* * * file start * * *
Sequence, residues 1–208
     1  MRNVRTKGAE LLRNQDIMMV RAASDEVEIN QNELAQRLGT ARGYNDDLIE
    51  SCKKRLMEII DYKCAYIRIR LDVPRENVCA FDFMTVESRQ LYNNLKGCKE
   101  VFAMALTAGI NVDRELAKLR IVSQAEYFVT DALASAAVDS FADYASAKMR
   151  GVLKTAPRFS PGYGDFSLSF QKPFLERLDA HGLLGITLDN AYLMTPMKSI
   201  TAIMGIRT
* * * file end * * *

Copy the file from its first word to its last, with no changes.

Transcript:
Sequence, residues 1–208
     1  MRNVRTKGAE LLRNQDIMMV RAASDEVEIN QNELAQRLGT ARGYNDDLIE
    51  SCKKRLMEII DYKCAYIRIR LDVPRENVCA FDFMTVESRQ LYNNLKGCKE
   101  VFAMALTAGI NVDRELAKLR IVSQAEYFVT DALASAAVDS FADYASAKMR
   151  GVLKTAPRFS PGYGDFSLSF QKPFLERLDA HGLLGITLDN AYLMTPMKSI
   201  TAIMGIRT